Takes input as an array of strings. Output is sorted by the matched number, in lexicographical order.

ü_f`ã„ %d+` gîñÊÌ

Try it (Header splits input string on newlines)

ü_f`... %d+` gîñÊÌ     :Implicit input of array
ü                       :Group and sort by
 _                      :Passing each through the following function
  f                     :  Match
   `... %d+`            :    Compressed string "reminder %d+", which translates to the RegEx /reminder \d+/g
             g          :  Get first match ('Cause matching returns an array)
              Ã         :End grouping
               ®        :Map
                ñ       :  Sort by
                 Ê      :    Length
                  Ì     :  Get last element
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2
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Retina 0.8.2, 68 bytes

O#$`
$.&
O#$`.*reminder (\d+).*
$1
.*(reminder \d+)(.*¶(.*\1\b))+
$3

Try it online! Explanation:

O#$`
$.&

Sort (in ascending order) numerically by length.

O#$`.*reminder (\d+).*
$1

Sort numerically by matched number, keeping lines with the same number sorted in length order.

.*(reminder \d+)(.*¶(.*\1\b))+
$3

Keep only the last line of consecutive lines with the same matched number.

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2
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Raku, 48 bytes

*.sort(-*.comb).unique(:as({~m/reminder\s\d+/}))

Try it online!

Sorts by longest first, then gets the unique elements by the reminder number.

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0
2
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V (vim), 39 bytes

ÎÄÒ0J
ú!
ò/reminder ä
y2e0dw+VGç0¾/d


Try it online!

Î                 # on every line (:%norm)
 Ä                # (M-D)uplicate the line
  Ò0              # (M-R)eplace all characters with '0'
    J             # (J)oin with the original line
                  # This turns each line into "0000000000 reminder 1"
ú!                # Reverse (M-z)ort (cursor ends up on first line)
ò                 # (M-r)ecursively (until error)
 /reminder ä      # goto /reminder \d/ (longest reminder X, here we find X)
y2e               # (y)ank (e)nd of (2) words: reminder \d+>
   0dw            # goto beginning and (d)elete (w)ord (the 0s)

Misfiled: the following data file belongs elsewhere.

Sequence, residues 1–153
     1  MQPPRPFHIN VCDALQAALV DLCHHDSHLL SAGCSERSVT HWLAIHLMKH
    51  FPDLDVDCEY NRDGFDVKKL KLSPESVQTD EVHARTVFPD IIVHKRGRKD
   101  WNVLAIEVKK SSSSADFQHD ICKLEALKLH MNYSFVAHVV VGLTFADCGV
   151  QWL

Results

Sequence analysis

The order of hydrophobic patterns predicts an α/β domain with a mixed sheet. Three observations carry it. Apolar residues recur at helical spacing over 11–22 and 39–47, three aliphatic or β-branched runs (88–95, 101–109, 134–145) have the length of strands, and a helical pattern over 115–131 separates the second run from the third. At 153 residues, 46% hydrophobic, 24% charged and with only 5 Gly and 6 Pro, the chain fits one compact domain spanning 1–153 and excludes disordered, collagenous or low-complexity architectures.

+           # goto start of next line
       VG         # highlight until end
         ç^R0¾/d  # in this highlighted region delete lines matching:
                  # (^R)egister 0 - contains the reminder (y)anked earlier
^O                # Jump back to prev cursor position and repeat until error
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1
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Perl 5 + -M5.10.0, 59 bytes

Uses the same approach as @Arbauld's answer, sorts the input by length then discards any sentences that contain a previously seen match.

say grep/reminder \d+/&&!${$&}++,sort{$b=~y///c-length$a}<>

Try it online!

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1
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Jelly, 28 bytes

No (direct) regex support in Jelly (it's only indirectly available by executing Python code).

ðœṣ“ǧƥ»;⁶¤Ḋe€ÞṪf)ØDĠị⁸LÞṪ$€

A monadic Link accepting a list of lists of characters which yields a list of lists of characters.

Try it online! (footer just splits at newlines, calls the Link and joins back by newlines.)

How?

ðœṣ“ǧƥ»;⁶¤Ḋe€ÞṪf)ØDĠị⁸LÞṪ$€ - Link: list of lists of characters, X
                  ØD         - digit characters
ð                )           - dyadic chain for each (line in X) - i.e. f(line, digit characters)
 œṣ                          -   split at substrings equal to:
          ¤                  -     nilad followed by link(s) as a nilad:
   “ǧƥ»                     -       compressed string "reminder"
         ⁶                   -       space character
        ;                    -       concatenate -> "reminder "
           Ḋ                 -   dequeue (leaving only strings to the right of a "match ")
              Þ              -   sort (these "parts") by
             €               -   for each (character, c, in part):
            e                -     (c) exists in (digit characters)?
               Ṫ             -   tail - giving us the single part starting with positive digit
                                        characters - N.B. a '0...' is always less, if present
                f            -   filter-keep (digit characters) - thus "42..." becomes "42"
                    Ġ        - group indices by value
                     ị       - index into:
                      ⁸      -   X - giving us a list of lists of lines with equal "number"
                           € - for each:
                          $  -   last two links as a monad:
                        Þ    -     sort by:
                       L     -       length
                         Ṫ   -     tail
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1
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Ruby, 53 bytes

->a{a.sort_by{|s|-s.size}.uniq{|s|s[/reminder \d+/]}}

Try it online!

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1
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Python 3, 100 bytes

lambda a:{max((j for j in a if'reminder '+i in j),key=len)for i in' '.join(a).split()if i.isdigit()}

Try it online!

Test cases borrowed from Noodle9.